A trip to Tuscany or how I fell in love with Bistecca alla fiorentina

Our apartment in Montepulciano

Not a single day of rain during our easter-trip to Montepulciano. How lucky. Each day better weather, better food and even better sceneries. Squeezed into a tiny BMW 116i with a little Thule box on the roof, my brothers from Berlin as well as my daughter started the trip from Germany. We drove through France and Switzerland and made our first stop at the lake of Como. Thanks to the beats of Coldplay, Jamiroquai and soft West- and Eastcoast beats, it was a fun ride all the time. A stupid traffic jam at the Gotthard tunnel stole us over two hours, but my grandmother made such an delicious dish with eggplant and melted cheese that we quickly forgot about it. Even Emily enjoyed the veggies, which are usually disgusting to her.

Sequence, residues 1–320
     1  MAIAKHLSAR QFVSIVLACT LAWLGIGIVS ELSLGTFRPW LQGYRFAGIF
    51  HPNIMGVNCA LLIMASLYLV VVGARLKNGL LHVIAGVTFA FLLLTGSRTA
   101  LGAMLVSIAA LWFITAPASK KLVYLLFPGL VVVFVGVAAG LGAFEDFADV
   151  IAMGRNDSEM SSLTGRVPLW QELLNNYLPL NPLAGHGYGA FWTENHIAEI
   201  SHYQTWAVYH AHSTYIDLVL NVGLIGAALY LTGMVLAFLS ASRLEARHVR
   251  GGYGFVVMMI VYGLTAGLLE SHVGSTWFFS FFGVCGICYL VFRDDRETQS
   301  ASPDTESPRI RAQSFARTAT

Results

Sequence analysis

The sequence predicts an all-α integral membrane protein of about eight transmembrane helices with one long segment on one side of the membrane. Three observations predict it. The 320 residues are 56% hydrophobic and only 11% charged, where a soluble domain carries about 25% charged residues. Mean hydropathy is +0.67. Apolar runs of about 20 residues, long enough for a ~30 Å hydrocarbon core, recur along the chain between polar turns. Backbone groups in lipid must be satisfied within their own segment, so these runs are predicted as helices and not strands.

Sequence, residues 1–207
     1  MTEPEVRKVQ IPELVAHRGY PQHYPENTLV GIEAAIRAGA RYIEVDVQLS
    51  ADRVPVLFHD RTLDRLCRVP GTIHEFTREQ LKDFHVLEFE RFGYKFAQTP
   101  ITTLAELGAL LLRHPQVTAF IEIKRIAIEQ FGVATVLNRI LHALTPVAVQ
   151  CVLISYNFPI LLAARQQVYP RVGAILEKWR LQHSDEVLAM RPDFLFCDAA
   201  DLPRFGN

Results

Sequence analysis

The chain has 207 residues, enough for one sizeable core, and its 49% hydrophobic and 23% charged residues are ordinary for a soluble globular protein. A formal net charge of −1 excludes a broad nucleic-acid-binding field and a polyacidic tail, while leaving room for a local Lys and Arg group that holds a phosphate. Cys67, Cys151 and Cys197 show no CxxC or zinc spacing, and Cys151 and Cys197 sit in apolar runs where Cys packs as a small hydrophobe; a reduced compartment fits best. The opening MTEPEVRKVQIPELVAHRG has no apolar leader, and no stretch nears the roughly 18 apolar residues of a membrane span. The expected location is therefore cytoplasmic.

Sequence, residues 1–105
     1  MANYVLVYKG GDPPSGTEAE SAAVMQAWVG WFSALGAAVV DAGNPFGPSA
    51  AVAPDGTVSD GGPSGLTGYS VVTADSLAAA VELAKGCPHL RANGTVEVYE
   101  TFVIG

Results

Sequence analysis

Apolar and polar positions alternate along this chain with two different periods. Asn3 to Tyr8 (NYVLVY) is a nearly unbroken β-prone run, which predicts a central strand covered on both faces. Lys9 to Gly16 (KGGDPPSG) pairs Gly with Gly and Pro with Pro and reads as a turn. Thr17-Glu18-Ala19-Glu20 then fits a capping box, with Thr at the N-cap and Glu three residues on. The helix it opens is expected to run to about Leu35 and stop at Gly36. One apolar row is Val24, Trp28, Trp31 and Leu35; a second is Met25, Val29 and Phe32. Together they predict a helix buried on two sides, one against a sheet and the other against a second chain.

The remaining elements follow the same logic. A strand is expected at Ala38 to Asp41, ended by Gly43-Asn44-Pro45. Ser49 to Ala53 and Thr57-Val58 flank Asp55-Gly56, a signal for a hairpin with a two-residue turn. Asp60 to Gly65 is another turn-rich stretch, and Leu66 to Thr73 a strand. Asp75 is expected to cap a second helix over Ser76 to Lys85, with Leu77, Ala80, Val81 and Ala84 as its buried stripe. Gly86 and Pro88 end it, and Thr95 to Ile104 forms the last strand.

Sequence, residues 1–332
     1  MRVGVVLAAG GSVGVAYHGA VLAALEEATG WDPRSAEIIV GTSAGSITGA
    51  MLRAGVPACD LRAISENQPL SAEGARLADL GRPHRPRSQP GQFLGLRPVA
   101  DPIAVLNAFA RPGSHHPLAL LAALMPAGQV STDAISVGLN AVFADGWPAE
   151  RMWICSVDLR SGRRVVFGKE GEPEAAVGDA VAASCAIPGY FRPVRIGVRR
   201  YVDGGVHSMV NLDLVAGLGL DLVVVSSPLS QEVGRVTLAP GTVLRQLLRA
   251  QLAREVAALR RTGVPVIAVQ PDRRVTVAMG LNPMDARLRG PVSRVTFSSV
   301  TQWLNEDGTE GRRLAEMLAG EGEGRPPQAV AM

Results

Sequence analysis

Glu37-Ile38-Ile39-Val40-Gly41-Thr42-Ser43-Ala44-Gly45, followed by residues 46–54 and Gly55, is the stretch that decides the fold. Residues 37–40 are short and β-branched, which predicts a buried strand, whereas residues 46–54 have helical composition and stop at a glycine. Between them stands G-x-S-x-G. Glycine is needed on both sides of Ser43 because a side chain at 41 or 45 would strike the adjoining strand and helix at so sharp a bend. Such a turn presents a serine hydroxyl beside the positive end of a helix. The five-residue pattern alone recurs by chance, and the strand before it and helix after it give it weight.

Emily & Nonno
Emily & Nonno

Como Lake After enjoying the epic view oft he Como lake during sun rise the next day, we hit the road again, driving south, to meet up with our sister in Parma, for lunch. Here we were also joined by Rudi and his family, they came along fort he rest of the trip. Parma was incerdibly warm, the sun bruning down, surreal, considering we were in freezing Germany just a day before. After shoving down an delicious pizza, we hit the road once again, with our real destionation: Agriturismo Bossona da Maria Elena in the city of Montepulciano. The aggritourism is, as the name promises, surrounded by olive trees and winefields. Dreamy scenery!